- The TRICC study (Hebert et al, NEJM, 1999) showed that more versus less transfusion was of no benefit is critically ill patients
- The CHOIR trial (Singh et al, NEJM, 2006) showed that increasing Hgb with epoetin alfa in patients with chronic kidney disease worsened outcomes
- The CREATE trial (Drueke et al, NEJM, 2006) showed that early normalization of Hgb in patients with chronic kidney disease did not affect cardiovascular outcomes
- The FOCUS trial (Carson et al, NEJM, 2011) showed that more versus less transfusion in elderly patients at risk for or with known high cardiovascular risk and undergoing surgery for hip fracture was unhelpful
- Villanueva et al (NEJM, 2013) showed that more versus less transfusion was harmful in acute upper gastrointestinal hemorrhage
- Finally, the RED-HF (published online ahead of print March 10th, 2013, NEJM) investigators found that correction of anemia in heart failure with darbepoetin alfa did not improve mortality and cardiovascular outcomes.
Tuesday, March 12, 2013
Falling to Pieces: Hemolysis of the Hemoglobin Hypothesis
A paramount goal of this blog is to understand the evidence as it applies to the epistemology of medical knowledge, hypothesis testing, and overarching themes in the so-called evidence based medicine movement. Swedberg et al report the results of a large[Amgen funded] randomized controlled trial of darbepoetin [to normalize hemoglobin values] in congestive heart failure (published online ahead of print this weekend) which affords us the opportunity to explore these themes afresh in the context of new and prior data.
The normalization heuristic, simply restated, is the tendency for all healthcare providers including nurses, respiratory therapists, nutritionists, physicians, and pharmacists among others, to believe intuitively or explicitly that values and variables that can be measured should be normalized if interventions to this avail are at their disposal. As an extension, modifiable variables should be measured so that they can be normalized. This general heuristic is deeply flawed, and indeed practically useless as a guide for clinical care.
Hemoglobin (Hgb) values are often abnormal in both acutely and chronically ill patients such as those with congestive heart failure, and patients with low Hgb often have worse outcomes in observational studies. The easy availability of transfusion and erythropoetin stimulating agents (ESAs) to normalize or correct low Hgb values, combined with this known association, makes Hgb a popular target for normalization. The act of normalizing Hgb implies that there will be net benefit for the patient, and this is where things fall apart. Underlying assumptions are that the low values themselves are causally related to untoward downstream outcomes, rather than just associations/markers of the underlying disease (epiphenomena) and that the ways in which we pursue modification affect the causal pathway. These assumptions are incredibly naive and sophomoric. That we can measure two things (say, Hgb and death rates in an observational study) does not mean that we have more than an inkling of understanding of causal pathways in the body (but we can easily rationalize them). After all, we don't measure Hgb levels because we know that they have anything to do with causation of anything - we measure them simply because we can, and we assume (or hope for) causality between the things we measure, as if the physiology of the body is all laid bare before us because of the measurement tools we currently have. The entire approach here is predicated on a hope that the variables that we know about, that we have already discovered usually by happenstance, are causal variables for clinically important outcomes. I argue that the crucial missing pieces of our understanding are the unknown unknowns that Donnie Rumsfeld famously referred to, and without knowing what we don't know (actual causal factors), we have only one hope of understanding causation in any specific case: the randomized controlled trial (RCT). And helped us understand the causal role of Hgb it has:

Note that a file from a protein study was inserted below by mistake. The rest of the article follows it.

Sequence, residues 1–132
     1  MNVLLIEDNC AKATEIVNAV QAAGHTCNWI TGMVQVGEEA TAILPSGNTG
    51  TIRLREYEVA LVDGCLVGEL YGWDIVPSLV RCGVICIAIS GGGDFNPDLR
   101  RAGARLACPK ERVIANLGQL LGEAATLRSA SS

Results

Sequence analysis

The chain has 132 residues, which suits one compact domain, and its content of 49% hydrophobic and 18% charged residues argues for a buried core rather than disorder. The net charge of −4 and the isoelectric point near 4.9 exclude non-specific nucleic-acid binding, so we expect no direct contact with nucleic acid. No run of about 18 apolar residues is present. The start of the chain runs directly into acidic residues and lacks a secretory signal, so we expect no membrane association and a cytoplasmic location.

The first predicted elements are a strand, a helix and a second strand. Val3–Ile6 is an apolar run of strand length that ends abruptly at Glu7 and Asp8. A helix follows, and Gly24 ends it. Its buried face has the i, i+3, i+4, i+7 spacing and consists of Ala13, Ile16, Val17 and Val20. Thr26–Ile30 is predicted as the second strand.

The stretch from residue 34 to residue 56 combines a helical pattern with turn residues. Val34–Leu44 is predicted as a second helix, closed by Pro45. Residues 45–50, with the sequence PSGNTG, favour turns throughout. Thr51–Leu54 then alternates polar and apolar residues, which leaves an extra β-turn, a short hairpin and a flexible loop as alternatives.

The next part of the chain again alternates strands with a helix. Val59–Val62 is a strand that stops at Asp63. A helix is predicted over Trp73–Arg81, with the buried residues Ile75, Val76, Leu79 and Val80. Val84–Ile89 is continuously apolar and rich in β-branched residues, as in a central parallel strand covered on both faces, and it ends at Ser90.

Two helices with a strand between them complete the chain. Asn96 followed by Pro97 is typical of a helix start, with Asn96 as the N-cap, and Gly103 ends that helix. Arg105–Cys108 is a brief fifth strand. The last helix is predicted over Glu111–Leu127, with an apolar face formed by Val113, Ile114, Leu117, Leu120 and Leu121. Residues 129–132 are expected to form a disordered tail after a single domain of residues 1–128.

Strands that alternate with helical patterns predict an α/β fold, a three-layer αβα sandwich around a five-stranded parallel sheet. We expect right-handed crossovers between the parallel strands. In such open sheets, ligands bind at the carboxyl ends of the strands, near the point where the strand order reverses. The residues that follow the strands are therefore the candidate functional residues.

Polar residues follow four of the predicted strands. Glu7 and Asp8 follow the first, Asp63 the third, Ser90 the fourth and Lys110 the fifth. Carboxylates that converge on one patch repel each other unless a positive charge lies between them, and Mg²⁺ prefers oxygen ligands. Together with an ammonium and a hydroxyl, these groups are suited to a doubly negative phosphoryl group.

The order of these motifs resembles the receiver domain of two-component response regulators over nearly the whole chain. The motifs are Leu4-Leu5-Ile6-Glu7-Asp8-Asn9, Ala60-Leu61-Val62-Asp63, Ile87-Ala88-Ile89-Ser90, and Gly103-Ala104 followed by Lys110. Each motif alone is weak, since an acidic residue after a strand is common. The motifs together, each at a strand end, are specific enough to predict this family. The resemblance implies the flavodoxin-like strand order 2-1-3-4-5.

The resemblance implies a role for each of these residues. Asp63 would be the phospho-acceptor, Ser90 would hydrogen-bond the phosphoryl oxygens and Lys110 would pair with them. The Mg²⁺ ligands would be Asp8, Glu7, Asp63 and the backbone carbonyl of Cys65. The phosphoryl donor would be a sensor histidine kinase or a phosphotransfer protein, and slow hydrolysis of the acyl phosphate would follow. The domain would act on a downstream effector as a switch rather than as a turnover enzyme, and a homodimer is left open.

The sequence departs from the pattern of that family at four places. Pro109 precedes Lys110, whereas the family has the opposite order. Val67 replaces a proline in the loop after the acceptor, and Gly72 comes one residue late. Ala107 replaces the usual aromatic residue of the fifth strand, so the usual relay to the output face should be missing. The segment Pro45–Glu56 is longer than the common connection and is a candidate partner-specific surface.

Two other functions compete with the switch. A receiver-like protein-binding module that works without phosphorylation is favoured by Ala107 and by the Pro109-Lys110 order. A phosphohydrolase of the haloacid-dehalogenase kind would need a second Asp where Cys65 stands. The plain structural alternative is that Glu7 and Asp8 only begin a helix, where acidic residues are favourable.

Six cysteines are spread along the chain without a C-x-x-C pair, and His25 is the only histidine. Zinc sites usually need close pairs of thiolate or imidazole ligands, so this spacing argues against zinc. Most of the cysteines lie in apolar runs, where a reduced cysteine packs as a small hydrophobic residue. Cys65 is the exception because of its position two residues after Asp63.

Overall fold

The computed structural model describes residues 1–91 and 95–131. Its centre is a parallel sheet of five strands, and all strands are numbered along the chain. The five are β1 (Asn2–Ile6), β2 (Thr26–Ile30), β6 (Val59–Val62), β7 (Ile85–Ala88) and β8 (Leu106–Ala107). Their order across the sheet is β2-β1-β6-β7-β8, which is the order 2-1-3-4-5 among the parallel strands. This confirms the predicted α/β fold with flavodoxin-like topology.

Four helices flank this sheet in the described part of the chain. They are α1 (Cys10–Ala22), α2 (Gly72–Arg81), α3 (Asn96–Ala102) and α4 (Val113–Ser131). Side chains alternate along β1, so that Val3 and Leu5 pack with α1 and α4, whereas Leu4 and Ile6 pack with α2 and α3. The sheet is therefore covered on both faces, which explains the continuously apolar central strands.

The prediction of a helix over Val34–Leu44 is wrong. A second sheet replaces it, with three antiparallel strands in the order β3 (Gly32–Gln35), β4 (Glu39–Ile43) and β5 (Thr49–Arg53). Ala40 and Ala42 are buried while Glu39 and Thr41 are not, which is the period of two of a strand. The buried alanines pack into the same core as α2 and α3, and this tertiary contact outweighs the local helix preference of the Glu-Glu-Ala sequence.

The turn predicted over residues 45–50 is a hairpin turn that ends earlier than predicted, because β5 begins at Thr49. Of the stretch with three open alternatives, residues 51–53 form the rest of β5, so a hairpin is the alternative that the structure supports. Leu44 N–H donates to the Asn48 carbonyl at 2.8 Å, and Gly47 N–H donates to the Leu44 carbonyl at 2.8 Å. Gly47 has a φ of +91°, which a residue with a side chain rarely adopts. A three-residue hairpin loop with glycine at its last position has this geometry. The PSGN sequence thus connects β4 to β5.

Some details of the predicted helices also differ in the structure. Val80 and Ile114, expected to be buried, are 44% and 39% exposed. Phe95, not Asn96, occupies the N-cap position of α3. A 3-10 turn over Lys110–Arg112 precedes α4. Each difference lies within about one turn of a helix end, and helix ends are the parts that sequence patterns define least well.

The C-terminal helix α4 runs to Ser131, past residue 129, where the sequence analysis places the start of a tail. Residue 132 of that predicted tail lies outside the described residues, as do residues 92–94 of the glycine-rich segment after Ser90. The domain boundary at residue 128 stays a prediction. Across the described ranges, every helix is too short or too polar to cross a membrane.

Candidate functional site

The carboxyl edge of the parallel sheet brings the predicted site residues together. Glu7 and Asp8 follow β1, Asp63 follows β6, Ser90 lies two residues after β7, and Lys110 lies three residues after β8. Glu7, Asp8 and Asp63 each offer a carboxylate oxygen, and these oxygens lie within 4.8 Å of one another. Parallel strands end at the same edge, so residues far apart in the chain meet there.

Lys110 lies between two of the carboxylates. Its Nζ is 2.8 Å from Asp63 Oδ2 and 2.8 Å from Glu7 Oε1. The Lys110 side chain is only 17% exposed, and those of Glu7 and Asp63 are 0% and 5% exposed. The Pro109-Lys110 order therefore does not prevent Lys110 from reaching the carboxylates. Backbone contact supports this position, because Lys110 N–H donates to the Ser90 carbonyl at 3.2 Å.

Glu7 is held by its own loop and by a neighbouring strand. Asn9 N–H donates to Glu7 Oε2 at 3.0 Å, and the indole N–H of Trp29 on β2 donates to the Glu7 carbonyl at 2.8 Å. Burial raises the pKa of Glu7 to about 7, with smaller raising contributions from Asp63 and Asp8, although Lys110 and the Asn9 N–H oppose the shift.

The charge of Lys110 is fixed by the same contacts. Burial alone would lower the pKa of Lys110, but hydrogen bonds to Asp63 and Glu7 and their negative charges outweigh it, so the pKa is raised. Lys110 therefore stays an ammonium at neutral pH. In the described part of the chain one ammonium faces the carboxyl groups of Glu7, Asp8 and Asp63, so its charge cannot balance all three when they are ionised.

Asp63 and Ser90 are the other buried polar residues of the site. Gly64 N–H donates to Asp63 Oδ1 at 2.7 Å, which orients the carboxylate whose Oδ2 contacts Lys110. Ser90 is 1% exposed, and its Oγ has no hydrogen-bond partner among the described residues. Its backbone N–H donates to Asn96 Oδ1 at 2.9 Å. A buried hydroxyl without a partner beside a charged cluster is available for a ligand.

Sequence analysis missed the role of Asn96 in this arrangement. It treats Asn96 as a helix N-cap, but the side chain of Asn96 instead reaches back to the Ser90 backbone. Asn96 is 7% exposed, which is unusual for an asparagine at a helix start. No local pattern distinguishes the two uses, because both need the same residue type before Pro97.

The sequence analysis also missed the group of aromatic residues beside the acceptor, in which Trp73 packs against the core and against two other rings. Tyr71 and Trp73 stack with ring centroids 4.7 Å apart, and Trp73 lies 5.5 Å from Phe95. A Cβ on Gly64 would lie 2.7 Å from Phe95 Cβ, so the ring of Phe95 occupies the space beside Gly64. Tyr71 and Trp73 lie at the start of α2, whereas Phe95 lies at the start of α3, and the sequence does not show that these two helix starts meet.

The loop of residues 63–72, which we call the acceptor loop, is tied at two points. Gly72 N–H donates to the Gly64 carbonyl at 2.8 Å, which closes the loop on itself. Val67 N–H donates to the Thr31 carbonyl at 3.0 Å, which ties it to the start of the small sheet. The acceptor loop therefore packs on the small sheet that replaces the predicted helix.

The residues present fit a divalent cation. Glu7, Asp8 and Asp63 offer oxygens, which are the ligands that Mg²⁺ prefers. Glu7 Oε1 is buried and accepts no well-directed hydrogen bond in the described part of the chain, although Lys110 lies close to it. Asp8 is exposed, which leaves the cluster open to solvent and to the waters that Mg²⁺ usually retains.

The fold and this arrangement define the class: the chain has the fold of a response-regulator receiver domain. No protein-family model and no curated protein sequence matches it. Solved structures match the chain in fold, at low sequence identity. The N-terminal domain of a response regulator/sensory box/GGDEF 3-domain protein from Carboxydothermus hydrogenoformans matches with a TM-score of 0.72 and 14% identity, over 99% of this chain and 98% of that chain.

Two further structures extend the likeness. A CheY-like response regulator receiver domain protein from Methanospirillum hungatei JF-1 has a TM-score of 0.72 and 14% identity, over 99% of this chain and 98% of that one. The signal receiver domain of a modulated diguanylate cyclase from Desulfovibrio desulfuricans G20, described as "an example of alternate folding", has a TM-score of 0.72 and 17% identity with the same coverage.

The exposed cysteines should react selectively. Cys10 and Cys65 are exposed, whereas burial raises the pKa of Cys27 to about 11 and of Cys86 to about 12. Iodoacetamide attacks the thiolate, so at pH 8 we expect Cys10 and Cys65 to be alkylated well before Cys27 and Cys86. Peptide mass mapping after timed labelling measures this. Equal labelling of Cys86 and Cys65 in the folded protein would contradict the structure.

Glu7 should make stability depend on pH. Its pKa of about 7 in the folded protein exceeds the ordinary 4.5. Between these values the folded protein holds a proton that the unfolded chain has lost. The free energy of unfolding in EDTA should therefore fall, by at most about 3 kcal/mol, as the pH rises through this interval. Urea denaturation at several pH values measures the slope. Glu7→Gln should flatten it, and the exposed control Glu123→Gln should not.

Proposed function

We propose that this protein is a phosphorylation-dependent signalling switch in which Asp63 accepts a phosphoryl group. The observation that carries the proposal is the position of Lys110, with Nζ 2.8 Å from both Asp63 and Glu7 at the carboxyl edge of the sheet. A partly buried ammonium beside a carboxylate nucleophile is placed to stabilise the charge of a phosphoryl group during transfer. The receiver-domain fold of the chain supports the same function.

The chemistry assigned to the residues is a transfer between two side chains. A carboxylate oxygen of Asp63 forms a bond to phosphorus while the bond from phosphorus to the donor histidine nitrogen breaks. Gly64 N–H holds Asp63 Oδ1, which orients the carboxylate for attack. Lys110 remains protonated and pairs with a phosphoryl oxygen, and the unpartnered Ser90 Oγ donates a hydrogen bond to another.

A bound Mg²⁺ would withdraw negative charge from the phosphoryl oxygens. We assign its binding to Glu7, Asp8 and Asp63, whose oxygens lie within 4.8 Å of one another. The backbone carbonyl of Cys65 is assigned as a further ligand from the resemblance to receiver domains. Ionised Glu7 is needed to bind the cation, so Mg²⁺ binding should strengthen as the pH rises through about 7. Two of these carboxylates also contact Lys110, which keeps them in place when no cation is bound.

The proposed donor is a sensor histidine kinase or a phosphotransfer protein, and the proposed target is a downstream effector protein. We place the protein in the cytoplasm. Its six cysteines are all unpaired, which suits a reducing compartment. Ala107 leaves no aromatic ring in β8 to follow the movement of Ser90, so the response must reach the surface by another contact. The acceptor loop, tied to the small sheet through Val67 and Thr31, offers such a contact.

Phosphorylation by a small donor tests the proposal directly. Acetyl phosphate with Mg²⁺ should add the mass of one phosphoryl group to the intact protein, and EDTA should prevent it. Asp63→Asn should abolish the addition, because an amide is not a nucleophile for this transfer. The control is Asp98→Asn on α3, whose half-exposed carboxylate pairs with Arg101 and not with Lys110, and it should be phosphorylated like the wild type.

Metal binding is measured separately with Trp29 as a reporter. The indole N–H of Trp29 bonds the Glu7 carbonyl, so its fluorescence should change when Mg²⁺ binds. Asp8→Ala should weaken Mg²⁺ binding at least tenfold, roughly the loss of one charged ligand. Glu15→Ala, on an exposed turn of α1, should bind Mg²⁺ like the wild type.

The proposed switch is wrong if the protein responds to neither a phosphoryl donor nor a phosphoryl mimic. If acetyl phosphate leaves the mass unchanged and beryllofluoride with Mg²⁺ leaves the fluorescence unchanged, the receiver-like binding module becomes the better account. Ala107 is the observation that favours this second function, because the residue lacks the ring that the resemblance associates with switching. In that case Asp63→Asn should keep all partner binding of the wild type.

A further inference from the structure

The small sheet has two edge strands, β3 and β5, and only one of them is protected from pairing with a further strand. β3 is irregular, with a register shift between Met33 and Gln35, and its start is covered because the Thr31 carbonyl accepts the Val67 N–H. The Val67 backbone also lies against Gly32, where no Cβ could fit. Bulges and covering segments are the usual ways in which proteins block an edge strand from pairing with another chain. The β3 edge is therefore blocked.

These trials involve over 6000 patients with a spectrum of diseases using several methods to raise Hgb, and not one of them showed benefit, rather they point to overall harm. I don't know how much more evidence we need -I have enough already to place my bet: the causal role of hemoglobin (in the range of mild or moderate anemia) in a pathway to death or adverse cardiovascular events is either in pieces or extremely fragile. To convince me otherwise, we will need a very large trial free from bias showing a noteworthy and statistically robust benefit in a specific patient population. Because we now have a prior probability informed by 6000 patients that this intervention simply does not work. The prior probability is so stout that even a new study with evidence of benefit should be regarded with suspicion.
Here is the next research population that will have to withstand the blinding light of that scrutiny: patients with acute coronary syndrome. A phase 3 pilot feasibility study is already underway (see this clinicaltrials.gov registration). I will go on the record saying that my wager is that outcomes will not be improved in this patient population either. If such a trial does show benefit, we have some serious talking to do. Because we will have to explain why, given the frailty of the observational association when subjected to an RCT in all these other studies, we have finally found a population in which it survives.
Step back, and take the view of the forester instead of that of the arborist. We naively believed that hemoglobin had a causal role, because of the observational data. We tested this hypothesis, over and over, with large RCTs, and could not confirm it. The simplest explanation is that we were wrong. The hemoglobin hypothesis is hemolyzed.